Extending the Event Handler Definition

The general guidelines for developing event handlers provide basic information on defining an event handler by defining a Java class that directly extends the Host Integrator-defined event handler base class. However, it is permissible to use more complex class hierarchies that extend the base class through multiple subclasses.

Java

class A extends AttributeEventHandler
{
   public static final int readAttributeTimeout = 50;
   void readAttribute(ReadAttributeEvent e) throws ApptrieveException;
   public String myRandomExampleMethod();
}
class B extends class A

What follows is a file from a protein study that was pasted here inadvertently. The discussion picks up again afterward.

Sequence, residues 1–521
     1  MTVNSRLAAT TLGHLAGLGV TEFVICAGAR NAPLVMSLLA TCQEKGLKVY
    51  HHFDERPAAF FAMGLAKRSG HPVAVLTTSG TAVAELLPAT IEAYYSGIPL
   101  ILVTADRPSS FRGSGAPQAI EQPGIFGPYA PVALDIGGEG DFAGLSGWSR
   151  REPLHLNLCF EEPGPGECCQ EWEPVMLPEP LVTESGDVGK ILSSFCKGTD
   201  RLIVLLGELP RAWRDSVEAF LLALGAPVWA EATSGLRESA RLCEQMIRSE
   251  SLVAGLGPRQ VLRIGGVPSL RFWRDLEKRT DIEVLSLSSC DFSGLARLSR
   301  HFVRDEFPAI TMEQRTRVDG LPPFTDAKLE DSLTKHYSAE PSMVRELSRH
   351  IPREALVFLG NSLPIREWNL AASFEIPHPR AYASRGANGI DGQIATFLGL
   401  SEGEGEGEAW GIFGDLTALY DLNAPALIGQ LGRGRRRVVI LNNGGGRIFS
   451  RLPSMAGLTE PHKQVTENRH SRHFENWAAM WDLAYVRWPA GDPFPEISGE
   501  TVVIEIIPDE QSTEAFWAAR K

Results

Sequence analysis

{
   void readAttribute(ReadAttributeEvent e) throws ApptrieveException;
   void writeAttribute(WriteAttributeEvent e) throws ApptrieveException;
}
class C extends class B
{
   public static final int readAttributeTimeout = 100;
}

All three of the above classes are valid attribute event handlers that can be mapped into a model.

.NET

public class A : AttributeEventHandler
{
    [Timeout(50)]
	public override string ReadAttribute(IReadAttributeEvent vsEvent)
	{
	    return vsEvent.DefaultReadAttribute();
	}
	public String MyRandomExampleMethod()
	{
	}
}
class B : A
{
    public override string ReadAttribute(IReadAttributeEvent vsEvent)
	{
	}
	
	public override void WriteAttribute(IWriteAttributeEvent vsEvent)
	{
	}
}
class C : B
{
    [Timeout(100)]
	public override string ReadAttribute(IReadAttributeEvent vsEvent)
	{
	}
}

All three of the above classes are valid attribute event handlers that can be mapped into a model.


Bullet About event handlers
Bullet Event handler guidelines